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SOPs for Process Improvement? Absolutely!

OperationsMapping for process improvementRecently an Executive coach we’ve been working with commented about how our Operations Mapping method – linking processes to detailed standard operating procedures, work instructions and policies — is a perfect fit for improving organizational performance, process improvement and re-engineering applications. We agree. Our clients do too.

Yet, some people resist this idea.

The resistance may be linked to the misconception that standardized procedures are useless paperwork or at best are expensive door stops (if I had a nickel for every time I’ve heard that… ) (“Bad” SOPs do make good doorstops—especially if they are in white binders!) Thinking about SOPs only in terms of “documenting” and record keeping instead of looking at SOP development as an exercise in examining and understanding how your business works is old-fashioned thinking.

It may also be semantics. We recently worked with a client to develop a “process map” for automating one of their core processes. At the beginning, the client was adamant about not wanting to get into SOPs or procedural “details.” They thought they only needed to look at the “Big Picture.” However, the high-level process map ended up being very complex because the client kept adding more and more detail as they thought through the processes they needed to make automation decisions.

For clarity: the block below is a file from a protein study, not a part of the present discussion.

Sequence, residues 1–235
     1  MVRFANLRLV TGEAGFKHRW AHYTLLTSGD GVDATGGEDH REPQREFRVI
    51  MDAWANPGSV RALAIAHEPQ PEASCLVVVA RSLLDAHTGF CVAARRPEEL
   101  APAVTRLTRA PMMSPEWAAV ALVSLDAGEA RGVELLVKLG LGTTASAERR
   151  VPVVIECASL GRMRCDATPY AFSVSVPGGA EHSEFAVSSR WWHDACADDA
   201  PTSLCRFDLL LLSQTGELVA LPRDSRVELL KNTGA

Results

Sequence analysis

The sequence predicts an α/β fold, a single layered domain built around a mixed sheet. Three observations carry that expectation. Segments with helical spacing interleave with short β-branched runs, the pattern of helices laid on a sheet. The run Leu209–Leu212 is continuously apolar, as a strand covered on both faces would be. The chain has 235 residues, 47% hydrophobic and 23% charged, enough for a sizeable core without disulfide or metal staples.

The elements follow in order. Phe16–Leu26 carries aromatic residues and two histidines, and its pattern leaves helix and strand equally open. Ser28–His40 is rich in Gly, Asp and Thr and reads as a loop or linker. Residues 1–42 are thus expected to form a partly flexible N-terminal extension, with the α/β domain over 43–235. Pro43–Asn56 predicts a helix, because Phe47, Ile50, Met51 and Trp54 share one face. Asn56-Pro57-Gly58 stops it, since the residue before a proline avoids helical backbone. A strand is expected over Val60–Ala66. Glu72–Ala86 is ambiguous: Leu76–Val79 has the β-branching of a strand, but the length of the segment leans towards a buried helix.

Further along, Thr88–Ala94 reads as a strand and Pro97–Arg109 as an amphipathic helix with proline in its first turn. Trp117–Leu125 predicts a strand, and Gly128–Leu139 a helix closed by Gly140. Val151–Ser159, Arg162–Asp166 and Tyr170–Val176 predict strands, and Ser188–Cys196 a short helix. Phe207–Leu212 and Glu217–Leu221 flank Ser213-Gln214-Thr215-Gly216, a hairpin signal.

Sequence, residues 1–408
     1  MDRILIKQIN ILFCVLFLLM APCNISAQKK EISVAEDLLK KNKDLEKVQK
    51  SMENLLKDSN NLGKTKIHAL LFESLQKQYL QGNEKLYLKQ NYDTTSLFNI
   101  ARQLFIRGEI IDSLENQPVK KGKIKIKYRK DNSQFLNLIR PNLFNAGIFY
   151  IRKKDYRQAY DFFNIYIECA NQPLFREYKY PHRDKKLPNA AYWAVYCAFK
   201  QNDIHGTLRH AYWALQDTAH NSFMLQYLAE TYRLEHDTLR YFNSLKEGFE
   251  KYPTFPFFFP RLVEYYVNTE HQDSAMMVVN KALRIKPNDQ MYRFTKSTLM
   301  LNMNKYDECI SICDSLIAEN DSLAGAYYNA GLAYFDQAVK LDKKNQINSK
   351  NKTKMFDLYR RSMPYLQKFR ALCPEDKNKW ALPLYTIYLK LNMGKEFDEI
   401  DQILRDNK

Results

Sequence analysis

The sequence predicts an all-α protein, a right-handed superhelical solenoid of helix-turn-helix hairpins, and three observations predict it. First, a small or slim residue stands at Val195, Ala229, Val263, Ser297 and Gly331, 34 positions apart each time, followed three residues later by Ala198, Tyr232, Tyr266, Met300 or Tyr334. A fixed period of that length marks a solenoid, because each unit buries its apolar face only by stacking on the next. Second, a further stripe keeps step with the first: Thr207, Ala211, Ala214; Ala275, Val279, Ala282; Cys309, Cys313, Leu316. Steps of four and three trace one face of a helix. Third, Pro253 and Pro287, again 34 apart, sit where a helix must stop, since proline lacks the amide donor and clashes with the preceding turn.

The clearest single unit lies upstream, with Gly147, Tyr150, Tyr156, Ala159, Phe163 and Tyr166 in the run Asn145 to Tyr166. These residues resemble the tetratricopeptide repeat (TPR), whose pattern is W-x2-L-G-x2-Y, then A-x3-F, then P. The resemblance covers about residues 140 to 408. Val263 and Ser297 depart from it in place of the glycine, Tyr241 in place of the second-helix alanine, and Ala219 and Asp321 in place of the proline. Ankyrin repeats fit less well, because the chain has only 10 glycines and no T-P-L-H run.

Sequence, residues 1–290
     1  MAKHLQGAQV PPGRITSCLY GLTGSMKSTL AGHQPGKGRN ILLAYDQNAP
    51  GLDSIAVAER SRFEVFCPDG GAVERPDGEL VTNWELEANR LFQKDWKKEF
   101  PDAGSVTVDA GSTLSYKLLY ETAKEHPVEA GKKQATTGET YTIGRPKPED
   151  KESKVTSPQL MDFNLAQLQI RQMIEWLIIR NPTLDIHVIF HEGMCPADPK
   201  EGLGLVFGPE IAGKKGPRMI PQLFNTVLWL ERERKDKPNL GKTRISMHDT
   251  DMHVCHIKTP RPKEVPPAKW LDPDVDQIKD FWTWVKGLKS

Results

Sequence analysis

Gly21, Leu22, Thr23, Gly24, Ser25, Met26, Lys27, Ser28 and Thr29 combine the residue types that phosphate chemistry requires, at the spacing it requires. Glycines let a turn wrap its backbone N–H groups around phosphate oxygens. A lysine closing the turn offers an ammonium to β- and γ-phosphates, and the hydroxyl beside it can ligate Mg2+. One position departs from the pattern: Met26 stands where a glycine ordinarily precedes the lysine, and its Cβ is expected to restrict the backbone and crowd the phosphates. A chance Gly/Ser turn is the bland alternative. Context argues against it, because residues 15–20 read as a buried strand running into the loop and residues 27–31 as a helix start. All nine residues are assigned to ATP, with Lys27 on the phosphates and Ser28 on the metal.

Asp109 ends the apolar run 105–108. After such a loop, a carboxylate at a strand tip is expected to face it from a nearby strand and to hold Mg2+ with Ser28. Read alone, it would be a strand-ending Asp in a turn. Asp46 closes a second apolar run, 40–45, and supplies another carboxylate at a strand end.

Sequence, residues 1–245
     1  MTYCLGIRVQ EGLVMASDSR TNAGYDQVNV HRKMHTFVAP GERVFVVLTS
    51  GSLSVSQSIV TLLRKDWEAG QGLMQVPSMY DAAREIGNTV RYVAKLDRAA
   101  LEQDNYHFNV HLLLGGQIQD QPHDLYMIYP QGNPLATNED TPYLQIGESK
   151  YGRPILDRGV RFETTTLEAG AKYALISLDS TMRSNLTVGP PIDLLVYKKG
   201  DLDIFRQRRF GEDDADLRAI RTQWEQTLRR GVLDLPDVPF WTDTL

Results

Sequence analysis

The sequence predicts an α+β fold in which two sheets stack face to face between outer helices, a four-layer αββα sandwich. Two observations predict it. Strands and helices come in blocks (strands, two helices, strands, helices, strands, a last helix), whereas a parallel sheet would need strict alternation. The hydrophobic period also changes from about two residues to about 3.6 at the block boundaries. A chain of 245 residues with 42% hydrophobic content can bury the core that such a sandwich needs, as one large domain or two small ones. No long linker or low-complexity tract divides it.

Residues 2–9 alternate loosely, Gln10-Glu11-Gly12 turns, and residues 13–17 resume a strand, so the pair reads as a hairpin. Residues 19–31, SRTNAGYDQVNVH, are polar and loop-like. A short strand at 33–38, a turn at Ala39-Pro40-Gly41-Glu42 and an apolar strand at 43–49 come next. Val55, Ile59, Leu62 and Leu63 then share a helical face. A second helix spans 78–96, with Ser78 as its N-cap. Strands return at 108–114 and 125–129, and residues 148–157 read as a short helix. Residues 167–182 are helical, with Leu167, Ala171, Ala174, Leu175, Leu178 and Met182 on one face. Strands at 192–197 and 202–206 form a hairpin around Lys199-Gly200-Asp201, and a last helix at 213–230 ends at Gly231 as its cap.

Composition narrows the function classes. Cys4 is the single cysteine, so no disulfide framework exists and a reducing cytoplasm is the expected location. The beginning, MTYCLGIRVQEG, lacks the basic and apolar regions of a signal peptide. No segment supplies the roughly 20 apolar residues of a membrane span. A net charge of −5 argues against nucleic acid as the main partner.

Surprisingly, it was the discussions about the detailed procedures the client started out not wanting to consider that revealed the fact that some managers had no clue what was really going on! And that was the biggest problem they were facing.

Standard operating procedures (SOPs) are often overlooked as a key element of Process improvement (process re-engineering). Process re-engineering typically needs to go beyond what’s on a high-level process map. And its not always just about process automation. “People-based” operations can be improved through re-engineering too.

Mapping out your “as is” processes and SOPs is the first step in any process improvement initiative because it makes your “people operations” visible. You can’t improve what you can’t see.

To learn more about how you can build accountability in to your organization and streamline operations, see Operations Mapping on the COMPROSE site.